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From the Trenches

Spying the Past from the Sky

By NIKHIL SWAMINATHAN

Tuesday, October 15, 2013

Romania Fort Spy Photography

 

Half the archaeological sites discovered in Britain over the last 70 years were found via aerial photography. Archaeologists continue to dig through World War II reconnaissance and recently declassified U.S. surveillance satellite photographs to uncover new ones. 

 

William Hanson of the University of Glasgow and Ioana Oltean of the University of Exeter have brought this technique to the eastern Romanian region of Dobrogea, studying 1960s photographs of the area. They noticed three distinct, overlapping fortifications stretching over 38 miles—two of earthwork and one of stone—with more than 30 forts attached. The structure of the barriers is similar to that of Hadrian’s Wall in England. The team suggests the fortifications could date to the second century A.D., when they might have been the Roman Empire’s easternmost frontier defenses. 

 

“This photography shows the landscape as it was before the destructive impact of later twentieth-century development,” Hanson explains, adding that such photography of the Middle East is also available. “The potential to change our understanding of the historical landscape in such areas is considerable.”

The Snake King's New Vassal

By ZACH ZORICH

Tuesday, October 15, 2013

Guatemala Maya Snake-Dynasty

 

A stela recently discovered by a team led by David Freidel of George Washington University records previously unknown events that followed a turbulent period in Maya history. In A.D. 562, Tikal, capital of a powerful Maya empire, fell to forces of the Snake Dynasty. This shift in power rippled through Mesoamerica. On the stela, found at the ancient city of Waka’, 40 miles from Tikal, glyphs record a ceremony in which a lord named Wa’oom Uch’ab Tzi’kin (He Who Stands Up the Offering of the Eagle) ascended to the throne of Waka’ as a vassal of the Snake Dynasty, probably replacing a ruler who owed his allegiance to Tikal. The monument also mentions Lady Ikoom, a Snake queen who might have been the new ruler’s mother, and it was found in front of the tomb of another powerful, later Snake queen named K’abel (“Uncovering a Maya Warrior Queen,” May/June 2013).

Dutchman Out of His Depth

By ERIC A. POWELL

Tuesday, October 15, 2013

Dutch Rudder Mustache

 

Archaeologists excavating a seventeenth-century Dutch merchant ship off southern England have recovered a 30-foot-long oak rudder decorated with a Baroque carving of a mustachioed man. Bournemouth University’s David Parham first saw the carving while surveying the wreck. “It was a shock,” he says. “Usually in archaeology you only encounter skeletal remains of people. But this carving had to have been modeled on a real person. Here I was looking at him face to face. He struck me as looking mournful.”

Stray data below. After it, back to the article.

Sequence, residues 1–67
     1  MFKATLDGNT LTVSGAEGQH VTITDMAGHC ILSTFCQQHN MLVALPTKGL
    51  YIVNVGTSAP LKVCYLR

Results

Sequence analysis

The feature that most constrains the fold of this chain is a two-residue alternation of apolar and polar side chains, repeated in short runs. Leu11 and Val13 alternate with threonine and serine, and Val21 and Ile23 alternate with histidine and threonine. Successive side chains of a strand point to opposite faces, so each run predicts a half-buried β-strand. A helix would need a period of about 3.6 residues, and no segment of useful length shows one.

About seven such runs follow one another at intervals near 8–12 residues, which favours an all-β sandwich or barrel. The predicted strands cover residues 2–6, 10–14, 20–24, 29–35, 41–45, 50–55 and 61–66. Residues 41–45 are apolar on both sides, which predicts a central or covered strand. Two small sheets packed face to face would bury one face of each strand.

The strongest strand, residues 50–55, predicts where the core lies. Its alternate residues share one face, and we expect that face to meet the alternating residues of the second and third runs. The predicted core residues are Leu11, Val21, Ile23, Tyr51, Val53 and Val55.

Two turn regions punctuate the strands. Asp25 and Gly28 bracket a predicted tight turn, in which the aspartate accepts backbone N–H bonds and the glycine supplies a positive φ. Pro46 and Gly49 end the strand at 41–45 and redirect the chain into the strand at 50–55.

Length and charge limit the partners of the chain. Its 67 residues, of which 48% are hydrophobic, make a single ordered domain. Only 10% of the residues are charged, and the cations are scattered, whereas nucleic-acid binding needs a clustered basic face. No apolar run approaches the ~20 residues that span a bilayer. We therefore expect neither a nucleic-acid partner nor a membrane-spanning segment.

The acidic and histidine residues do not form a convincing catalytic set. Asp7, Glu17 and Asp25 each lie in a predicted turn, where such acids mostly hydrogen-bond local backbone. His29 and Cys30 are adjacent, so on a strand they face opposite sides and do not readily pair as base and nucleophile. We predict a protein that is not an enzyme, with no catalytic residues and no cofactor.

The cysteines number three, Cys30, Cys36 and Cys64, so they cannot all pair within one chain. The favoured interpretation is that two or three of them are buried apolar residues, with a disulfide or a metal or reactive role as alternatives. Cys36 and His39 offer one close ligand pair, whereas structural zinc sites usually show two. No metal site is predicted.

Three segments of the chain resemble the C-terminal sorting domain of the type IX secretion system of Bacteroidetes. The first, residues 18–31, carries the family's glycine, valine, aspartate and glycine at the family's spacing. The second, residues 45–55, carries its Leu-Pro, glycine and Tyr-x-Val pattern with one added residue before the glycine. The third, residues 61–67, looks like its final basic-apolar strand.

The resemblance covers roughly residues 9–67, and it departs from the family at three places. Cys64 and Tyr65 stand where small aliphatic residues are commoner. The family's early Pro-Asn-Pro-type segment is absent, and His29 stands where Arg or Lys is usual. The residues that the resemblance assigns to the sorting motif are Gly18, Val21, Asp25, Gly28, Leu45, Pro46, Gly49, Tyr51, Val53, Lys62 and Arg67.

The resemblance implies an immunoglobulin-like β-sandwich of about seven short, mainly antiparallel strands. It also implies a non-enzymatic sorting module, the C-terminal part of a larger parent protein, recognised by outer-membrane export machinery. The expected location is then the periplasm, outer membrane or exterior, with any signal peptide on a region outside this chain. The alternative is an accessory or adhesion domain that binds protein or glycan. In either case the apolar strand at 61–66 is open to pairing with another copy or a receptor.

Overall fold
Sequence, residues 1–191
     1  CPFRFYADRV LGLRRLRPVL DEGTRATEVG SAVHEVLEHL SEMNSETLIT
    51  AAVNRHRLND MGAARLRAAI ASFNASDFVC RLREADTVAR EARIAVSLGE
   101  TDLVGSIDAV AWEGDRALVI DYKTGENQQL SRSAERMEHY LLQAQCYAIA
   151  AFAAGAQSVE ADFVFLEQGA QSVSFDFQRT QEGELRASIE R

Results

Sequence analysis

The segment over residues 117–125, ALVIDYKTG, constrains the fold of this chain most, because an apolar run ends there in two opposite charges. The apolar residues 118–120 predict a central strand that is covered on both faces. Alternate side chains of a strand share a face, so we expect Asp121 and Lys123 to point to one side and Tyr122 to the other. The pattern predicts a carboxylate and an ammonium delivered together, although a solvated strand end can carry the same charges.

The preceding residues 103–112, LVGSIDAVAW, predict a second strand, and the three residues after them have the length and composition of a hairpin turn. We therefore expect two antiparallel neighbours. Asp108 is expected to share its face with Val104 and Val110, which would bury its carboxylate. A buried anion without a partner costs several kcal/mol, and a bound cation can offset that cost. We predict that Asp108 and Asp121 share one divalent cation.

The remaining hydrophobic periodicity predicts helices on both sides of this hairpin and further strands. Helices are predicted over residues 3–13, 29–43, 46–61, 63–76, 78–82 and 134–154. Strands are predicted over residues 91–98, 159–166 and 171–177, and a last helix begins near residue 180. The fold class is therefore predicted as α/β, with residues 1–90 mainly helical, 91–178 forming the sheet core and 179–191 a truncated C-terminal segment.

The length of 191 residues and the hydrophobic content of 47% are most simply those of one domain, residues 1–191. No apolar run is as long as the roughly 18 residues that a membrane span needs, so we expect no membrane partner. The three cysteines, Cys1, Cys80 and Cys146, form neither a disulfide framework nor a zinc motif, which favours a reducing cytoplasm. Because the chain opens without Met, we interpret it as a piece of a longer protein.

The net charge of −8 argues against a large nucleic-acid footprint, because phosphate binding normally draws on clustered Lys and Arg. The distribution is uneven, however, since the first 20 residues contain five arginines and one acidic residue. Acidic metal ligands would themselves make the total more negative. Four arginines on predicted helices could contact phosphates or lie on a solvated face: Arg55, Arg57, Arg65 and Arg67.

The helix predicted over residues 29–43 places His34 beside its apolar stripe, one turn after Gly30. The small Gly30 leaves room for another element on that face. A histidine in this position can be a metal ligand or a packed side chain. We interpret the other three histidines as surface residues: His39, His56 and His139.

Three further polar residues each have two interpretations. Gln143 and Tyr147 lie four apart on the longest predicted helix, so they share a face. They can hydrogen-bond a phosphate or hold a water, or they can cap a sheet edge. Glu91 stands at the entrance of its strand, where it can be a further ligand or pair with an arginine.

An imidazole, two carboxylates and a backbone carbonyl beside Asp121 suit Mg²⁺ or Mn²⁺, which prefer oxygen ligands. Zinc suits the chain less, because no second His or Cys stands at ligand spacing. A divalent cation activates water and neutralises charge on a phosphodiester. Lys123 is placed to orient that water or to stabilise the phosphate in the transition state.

Catching a Ride from Ireland

By SAMIR S. PATEL

Tuesday, October 15, 2013

Ireland Mesolithic SnailsSnails aren’t known for their ability to get around. But then there’s the strange case of Ireland’s grove snails, Cepaea nemoralis, a common European land species. Geneticists from the University of Nottingham looked closely at the lineages of this species and found that the Irish variety is most closely related to the lineage found in the Pyrenees, along the French-Spanish border—and nowhere else. There are a number of other species, including the strawberry tree and the Kerry slug, with similar distribution patterns. The researchers believe that direct movement of Mesolithic people between the two sites is the simplest explanation for the unexpected biogeographic quirk. People are known to have been in Ireland around 8,000 years ago, when the snails first appeared, and grove snails are known to have been on the Mesolithic menu across the Mediterranean. The snails may have been more than hitchhikers—they may have been cargo. 

Neanderthal Tool Time

By ZACH ZORICH

Tuesday, October 15, 2013

Neanderthal Tool Cultures

 

Neanderthals seem to have produced a remarkably consistent set of stone tools for hundreds of thousands of years. Two new studies suggest that this presumed lack of diversity and innovation might not be the whole story. 

 

Karen Ruebens, an archaeologist at the University of Southampton, analyzed more than 1,300 stone tools from European Neanderthal sites dated to between 115,000 and 35,000 years ago. She found that they belong to at least two distinct tool-making traditions. West of the Rhine River, Neanderthal hand axes are oval or roughly triangular, while to the east, they are rounded on one edge and flat on the other. Near the Rhine, the traditions seem to overlap, as if two cultures were sharing their techniques. 

 

A separate study, led by Marie Soressi at Leiden University, shows that Neanderthals also may have taught our Homo sapiens ancestors a thing or two. Soressi’s analysis shows that Neanderthals were using bone tools called lissoirs to process animal hides several thousand years before the first modern humans arrived in Europe and started making the same type of tool. While it has long been thought that H. sapiens were the progenitors of the practice, Neanderthals may actually have been more creative in their tool-making than was previously thought. 

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